• Celebrity endorsements of feminism are infuriating… Hmm. Disagree. I understand her point that wrapping feminism up in a pretty package to make it more palatable is not ideal. However. Fame is not an aspect of our culture that will ever magically disappear. In this age of information and misinformation, we are more saturated than ever with celebrities – their products, their lives, their children, their relationships, and their causes. How we react to celebrity behavior says a lot about who we are as a society. As I set out to raise my own little rabble-rouser, I would much rather see tons of celebrities (regardless of their appearance, age, or gender) embracing the identity of Feminist. We should not discredit ardent feminists because of how they look. If these young, famous women who meet society’s absurd beauty standards want to use their powers for good, then I say:

amen

  • The rebranding of feminism is not a magical solution… Agree. With a small caveat. Even with the famous pretty faces waving their feminism flags, there are still so many people (so many women!) who are afraid of the word feminist, let alone actually embracing the work of feminism. Again, with all of the information thrown at us on a daily basis, a sharp way of communicating the true meaning and ambitions of feminism isn’t the worst idea.
  • This point I have to quote directly, because it’s the part of Ms. Gay’s article that I struggle with the most:

“This is the real problem feminism faces. Too many people are willfully ignorant about what the word means and what the movement aims to achieve. But when a pretty young woman has something to say about feminism, all of a sudden, that broad ignorance disappears or is set aside because, at last, we have a more tolerable voice proclaiming the very messages feminism has been trying to impart for so damn long.”

To her first point, that too many people are ignorant when it comes to the meaning and movement of feminism: Agree! It’s a huge problem that so many people equate feminist with being anti-man, and the movement of feminism as exclusionary.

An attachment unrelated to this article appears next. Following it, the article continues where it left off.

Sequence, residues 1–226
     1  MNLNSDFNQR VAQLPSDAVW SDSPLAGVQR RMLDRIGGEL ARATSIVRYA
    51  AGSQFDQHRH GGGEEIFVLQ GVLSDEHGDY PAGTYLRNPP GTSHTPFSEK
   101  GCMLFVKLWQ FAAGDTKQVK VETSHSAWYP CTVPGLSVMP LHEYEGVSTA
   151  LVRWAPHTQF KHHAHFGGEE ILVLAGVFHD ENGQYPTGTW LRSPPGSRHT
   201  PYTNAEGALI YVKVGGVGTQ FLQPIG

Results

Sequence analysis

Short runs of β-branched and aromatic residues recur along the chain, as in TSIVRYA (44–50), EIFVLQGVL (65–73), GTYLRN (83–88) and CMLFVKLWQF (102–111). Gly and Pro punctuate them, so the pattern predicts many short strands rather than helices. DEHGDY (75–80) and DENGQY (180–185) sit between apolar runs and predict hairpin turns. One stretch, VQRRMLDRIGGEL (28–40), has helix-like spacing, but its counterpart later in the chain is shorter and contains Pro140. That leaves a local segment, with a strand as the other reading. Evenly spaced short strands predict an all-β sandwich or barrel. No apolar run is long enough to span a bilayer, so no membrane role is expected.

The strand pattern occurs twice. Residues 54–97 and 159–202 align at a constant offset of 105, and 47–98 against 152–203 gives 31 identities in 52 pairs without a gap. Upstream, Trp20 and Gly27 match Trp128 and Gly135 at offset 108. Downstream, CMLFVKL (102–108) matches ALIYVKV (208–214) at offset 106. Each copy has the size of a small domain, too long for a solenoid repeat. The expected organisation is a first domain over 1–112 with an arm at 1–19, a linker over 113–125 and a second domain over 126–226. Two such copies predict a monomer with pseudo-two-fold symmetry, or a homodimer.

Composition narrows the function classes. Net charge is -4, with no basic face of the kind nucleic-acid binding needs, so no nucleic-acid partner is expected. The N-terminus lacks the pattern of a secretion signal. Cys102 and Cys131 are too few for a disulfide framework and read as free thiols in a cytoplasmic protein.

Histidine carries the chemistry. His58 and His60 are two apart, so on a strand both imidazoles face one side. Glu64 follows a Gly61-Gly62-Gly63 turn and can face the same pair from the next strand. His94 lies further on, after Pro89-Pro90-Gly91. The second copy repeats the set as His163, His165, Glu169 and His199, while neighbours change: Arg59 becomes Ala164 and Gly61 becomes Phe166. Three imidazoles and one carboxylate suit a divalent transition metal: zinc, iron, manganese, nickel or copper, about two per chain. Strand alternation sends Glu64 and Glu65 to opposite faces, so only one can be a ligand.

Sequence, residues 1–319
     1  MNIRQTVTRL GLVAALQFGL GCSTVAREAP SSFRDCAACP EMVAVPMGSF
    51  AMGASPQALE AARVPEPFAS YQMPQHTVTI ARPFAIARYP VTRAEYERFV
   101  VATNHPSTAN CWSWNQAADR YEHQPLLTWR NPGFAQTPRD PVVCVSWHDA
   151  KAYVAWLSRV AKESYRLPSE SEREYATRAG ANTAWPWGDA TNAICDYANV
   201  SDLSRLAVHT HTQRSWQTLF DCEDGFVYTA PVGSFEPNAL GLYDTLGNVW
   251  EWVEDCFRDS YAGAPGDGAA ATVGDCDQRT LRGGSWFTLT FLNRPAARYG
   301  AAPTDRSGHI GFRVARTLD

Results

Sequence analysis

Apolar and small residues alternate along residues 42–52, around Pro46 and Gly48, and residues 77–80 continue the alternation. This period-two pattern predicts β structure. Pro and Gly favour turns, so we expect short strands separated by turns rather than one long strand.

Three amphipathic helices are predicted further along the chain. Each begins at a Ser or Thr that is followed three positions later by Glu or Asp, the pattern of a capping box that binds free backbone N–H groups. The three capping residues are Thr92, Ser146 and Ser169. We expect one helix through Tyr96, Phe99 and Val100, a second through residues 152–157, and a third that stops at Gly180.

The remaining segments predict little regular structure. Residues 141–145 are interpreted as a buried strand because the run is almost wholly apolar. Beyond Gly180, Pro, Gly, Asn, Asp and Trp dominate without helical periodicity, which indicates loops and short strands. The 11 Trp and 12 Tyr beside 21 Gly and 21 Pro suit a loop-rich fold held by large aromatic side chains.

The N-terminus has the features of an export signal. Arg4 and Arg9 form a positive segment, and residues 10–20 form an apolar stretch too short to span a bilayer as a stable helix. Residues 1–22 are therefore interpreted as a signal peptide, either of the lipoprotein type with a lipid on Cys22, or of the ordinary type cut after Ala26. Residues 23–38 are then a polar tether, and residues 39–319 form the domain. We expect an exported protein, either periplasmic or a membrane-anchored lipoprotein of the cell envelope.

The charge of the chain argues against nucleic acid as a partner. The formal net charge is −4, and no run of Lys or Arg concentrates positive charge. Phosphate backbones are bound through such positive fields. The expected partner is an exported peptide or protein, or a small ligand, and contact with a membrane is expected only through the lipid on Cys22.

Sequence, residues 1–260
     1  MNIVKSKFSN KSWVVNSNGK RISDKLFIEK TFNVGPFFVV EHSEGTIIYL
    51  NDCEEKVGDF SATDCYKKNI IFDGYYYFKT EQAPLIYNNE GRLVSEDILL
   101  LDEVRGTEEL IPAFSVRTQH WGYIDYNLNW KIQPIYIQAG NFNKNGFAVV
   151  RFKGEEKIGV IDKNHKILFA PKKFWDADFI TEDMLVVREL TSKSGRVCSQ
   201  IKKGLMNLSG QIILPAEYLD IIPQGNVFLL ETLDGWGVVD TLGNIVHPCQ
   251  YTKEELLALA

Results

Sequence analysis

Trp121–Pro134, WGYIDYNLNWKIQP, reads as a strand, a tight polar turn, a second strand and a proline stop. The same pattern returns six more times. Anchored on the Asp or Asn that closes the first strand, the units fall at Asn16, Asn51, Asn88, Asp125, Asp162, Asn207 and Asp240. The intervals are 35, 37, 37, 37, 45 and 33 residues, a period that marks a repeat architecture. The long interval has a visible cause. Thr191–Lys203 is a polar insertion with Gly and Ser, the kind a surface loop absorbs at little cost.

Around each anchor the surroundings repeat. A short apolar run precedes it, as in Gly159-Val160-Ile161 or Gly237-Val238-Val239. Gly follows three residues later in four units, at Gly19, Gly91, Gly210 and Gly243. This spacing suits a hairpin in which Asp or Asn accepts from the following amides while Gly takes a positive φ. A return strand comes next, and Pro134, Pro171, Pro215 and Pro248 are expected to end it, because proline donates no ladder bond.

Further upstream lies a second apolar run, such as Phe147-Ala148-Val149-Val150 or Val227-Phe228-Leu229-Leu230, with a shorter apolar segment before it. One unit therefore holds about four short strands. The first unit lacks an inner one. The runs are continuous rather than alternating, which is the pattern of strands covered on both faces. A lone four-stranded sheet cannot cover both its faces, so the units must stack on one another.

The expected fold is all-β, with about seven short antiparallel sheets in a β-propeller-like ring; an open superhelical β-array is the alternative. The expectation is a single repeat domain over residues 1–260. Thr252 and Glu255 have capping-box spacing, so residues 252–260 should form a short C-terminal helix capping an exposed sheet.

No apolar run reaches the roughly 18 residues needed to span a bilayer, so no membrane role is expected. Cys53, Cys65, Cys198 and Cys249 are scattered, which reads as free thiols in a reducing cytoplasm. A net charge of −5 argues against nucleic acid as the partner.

To her second point about pretty young women speaking out as feminists: Disagree! Emma Watson and Jennifer Lawrence and Beyoncé have not eradicated broad ignorance about feminism with their declarations. They are chipping away at that ignorance by speaking out as feminists and, to make my final point, one more quote from Ms. Gay:

“We run into trouble, though, when we celebrate celebrity feminism while avoiding the actual work of feminism.”

Agree. Which is why, when we have someone like Emma Hermione Watson standing up as the face of a United Nations campaign in order to clarify what it means to be a feminist, expose those who might not otherwise hear it to the truths of feminism, and yes, do the actual work of feminism, as far as I see it, that’s something to celebrate.

emma_watson_un

Now I’d like to see this Moment turned into some Serious Action:

beyfeminist

What will it be?? Beyoncé-themed confidence building curriculum for girls in junior high? Beyoncé Love Your Body dance classes?? A Beyoncé Feminism 101 website? I have big dreams, because if anyone can do it, it’s Queen B.

Ps. An FFF Morsel: Julianne Moore stomps on the “mani cam”

We Don’t Care If You Like It

You guys! Hi! It’s been SO LONG!

I’ve missed you, you little rabble rousers, but I’ve been on an extended hiatus because I had a baby. WHAT. I know, right? Bananas. It would be easy to fill several blog posts talking about the insane magical pain cave of wonderment that is childbirth, but that’s for another day and another blog. Some kind of mommy blog. Maybe I’ll do a guest post on one of those someday.